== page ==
Lastly, in patient S5 we detected a mutation in the 5′ UTR of the PCSK1 gene that encodes an enzyme which functions in the proteolytic activation of polypeptide hormones and neuropeptide precursors. PCSK1 is mainly implicated in obesity [28], but promoter hypermethylation has been reported in cancer, mainly in malignant melanoma. The mutation we detected locates to the 5′ UTR, and could potentially affect gene regulation, however as it does not change the coding sequence, it is less likely to be of functional significance. In addition, this mutation has been reported in dbSNP (rs35753085) (minor allele frequency [MAF]: 0.504%). For patients S2 and S5 we were unable to relate these observations to potential adverse clinical outcomes.

Thus, overall, we found somatic mutations in three out of five of the IHES patient samples. However, since two of the patients did not carry any somatic mutations in the coding regions and the mutations detected in two other patients may be passenger mutations, it is likely that other molecular changes such as mutations in noncoding regions and epigenetic aberrations may also play an important role in IHES. Accordingly, we show, for the first time that suspected clonal - and reactive eosinophilia may be distinguished by differentially methylated regions using state-of-the-art technology for genome-wide DNA methylation analysis. In total, 285 probes corresponding to 128 unique genes were differentially methylated in samples from patients with known and suspected clonal eosinophilia compared to patients with reactive eosinophilia, respectively (Figure 2, Supplementary Table 2).

IHES cases showed general hypomethylation with local hypermethylation when compared to reactive eosinophilia (Figure 2) and control samples (data not shown), and several of the differentially methylated genes have previously been linked to cancer (Supplementary Table 2). For example, chromosome 5q31 harbors MIR886 (also known as VTRNA2–1 and nc886), which encodes a non-coding RNA that is found monoallelically methylated in 75% of healthy individuals, whereas the remaining 25% are unmethylated [29, 30]. miR886 has been considered a tumor suppressor as 5q31 often is lost in several tumors [30, 31] and, in addition, gain of methylation and concurrent decreased gene expression has been found to predict outcome in patients with AML [30]. However, both gain and loss of methylation of MIR886 have been implicated in different cancer types including breast-, colon-, bladder-, and lung cancer [29]. In our study, five out of nine patients with anticipated and known clonal eosinophilia were unmethylated at MIR886 while the remaining four were 50% methylated. The three samples with reactive eosinophilia were all 50% methylated.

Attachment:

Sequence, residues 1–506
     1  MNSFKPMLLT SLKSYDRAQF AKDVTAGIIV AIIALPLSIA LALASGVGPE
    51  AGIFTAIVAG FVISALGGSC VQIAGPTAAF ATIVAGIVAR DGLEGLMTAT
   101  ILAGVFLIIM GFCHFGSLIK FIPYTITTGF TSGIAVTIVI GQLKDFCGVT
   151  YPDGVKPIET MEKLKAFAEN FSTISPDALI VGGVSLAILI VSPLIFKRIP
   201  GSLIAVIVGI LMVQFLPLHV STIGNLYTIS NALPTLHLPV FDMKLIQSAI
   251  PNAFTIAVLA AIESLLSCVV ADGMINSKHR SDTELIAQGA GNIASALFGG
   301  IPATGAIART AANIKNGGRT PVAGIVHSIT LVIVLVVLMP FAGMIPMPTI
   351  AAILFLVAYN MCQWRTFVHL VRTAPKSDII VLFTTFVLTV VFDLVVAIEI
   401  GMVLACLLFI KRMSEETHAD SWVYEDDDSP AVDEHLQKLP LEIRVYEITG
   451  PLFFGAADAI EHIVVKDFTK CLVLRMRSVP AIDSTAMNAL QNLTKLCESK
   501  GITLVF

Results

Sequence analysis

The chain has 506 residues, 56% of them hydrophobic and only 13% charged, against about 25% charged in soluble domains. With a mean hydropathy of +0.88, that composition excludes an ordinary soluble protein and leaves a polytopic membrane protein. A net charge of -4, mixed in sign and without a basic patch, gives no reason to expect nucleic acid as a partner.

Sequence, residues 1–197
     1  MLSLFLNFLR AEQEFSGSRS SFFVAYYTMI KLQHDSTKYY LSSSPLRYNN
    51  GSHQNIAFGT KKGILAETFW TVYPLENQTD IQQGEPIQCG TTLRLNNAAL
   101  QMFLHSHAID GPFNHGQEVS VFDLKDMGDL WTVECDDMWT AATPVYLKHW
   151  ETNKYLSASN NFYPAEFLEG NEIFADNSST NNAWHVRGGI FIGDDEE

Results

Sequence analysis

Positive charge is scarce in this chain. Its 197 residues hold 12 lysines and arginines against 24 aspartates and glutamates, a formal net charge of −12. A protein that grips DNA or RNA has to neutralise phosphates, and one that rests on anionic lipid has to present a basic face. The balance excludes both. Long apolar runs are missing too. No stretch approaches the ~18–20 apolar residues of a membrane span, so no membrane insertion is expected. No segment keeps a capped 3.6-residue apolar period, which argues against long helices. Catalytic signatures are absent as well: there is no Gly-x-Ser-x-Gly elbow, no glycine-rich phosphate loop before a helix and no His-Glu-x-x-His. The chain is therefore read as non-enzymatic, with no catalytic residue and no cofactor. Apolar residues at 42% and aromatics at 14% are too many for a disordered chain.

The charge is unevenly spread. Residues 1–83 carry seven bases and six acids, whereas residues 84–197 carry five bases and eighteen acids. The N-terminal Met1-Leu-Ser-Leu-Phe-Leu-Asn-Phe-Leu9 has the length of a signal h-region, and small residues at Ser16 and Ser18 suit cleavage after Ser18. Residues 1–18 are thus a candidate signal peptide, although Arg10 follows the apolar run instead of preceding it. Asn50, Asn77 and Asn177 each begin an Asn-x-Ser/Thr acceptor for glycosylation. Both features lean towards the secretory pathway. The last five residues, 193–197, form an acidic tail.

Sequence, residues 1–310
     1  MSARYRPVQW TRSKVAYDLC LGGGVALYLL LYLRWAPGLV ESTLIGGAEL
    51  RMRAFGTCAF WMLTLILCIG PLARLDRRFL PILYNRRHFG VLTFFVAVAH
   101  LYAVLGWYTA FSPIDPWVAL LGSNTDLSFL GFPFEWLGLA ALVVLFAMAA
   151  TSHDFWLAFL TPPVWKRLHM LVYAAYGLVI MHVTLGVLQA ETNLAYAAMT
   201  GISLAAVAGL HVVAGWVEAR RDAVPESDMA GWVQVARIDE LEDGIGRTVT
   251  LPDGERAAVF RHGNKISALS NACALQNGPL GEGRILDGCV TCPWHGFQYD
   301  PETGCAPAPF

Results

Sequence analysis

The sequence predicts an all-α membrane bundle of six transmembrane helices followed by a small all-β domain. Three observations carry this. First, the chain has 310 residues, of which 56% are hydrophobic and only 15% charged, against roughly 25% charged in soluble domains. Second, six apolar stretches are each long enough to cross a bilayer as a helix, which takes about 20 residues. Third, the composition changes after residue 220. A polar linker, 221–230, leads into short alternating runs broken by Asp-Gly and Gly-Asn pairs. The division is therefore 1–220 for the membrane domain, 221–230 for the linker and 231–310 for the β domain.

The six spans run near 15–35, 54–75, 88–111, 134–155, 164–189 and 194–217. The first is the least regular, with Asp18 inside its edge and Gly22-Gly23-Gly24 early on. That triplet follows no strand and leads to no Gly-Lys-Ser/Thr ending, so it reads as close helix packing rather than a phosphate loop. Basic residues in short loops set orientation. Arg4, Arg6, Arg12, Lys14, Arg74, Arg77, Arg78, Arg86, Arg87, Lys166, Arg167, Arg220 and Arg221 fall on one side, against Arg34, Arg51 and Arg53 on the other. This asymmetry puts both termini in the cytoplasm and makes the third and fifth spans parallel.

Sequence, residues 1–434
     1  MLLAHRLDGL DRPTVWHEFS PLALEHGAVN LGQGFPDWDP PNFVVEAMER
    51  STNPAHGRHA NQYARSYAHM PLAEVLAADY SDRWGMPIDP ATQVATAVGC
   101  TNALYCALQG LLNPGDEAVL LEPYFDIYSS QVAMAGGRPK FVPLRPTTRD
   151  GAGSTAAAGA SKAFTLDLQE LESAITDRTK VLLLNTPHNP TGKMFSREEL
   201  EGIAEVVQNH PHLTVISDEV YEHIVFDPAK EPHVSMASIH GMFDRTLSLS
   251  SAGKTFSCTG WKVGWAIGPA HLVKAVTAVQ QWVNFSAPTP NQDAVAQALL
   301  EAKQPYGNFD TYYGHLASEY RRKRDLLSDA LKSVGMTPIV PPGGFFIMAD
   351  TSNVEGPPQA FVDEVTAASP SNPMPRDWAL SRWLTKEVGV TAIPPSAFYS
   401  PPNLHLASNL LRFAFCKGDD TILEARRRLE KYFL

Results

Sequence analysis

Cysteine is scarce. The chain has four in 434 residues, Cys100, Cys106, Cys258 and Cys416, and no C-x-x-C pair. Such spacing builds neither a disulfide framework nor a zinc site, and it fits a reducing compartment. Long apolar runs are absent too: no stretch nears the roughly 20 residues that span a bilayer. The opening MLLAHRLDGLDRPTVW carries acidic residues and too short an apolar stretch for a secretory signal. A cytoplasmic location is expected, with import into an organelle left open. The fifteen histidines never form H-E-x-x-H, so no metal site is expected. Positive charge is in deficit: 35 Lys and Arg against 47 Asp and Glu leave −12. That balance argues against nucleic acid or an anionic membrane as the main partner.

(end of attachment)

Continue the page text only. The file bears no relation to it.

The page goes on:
The promoter region of GSTM5 was hypermethylated in patients with anticipated and known clonal eosinophilia (Supplementary Table 2). In healthy cells, GSTM5 detoxifies endogenous compounds, including carcinogens, and therefore, epigenetic silencing of GSTM5 may increase an individual’s sensitivity to carcinogens and other toxic compounds. The promoter region of S100A13 was hypomethylated in patients with anticipated and known clonal eosinophilia. S100A13 comprises, together with IL1alpha, a complex which has been found to have an essential role in cell proliferation, differentiation, and angiogenesis [32]. Interestingly, inhibition of the IL1alpha-S100A13 complex has been suggested to be an effective strategy to inhibit uncontrolled cell division of a broad range of different cancer types [32].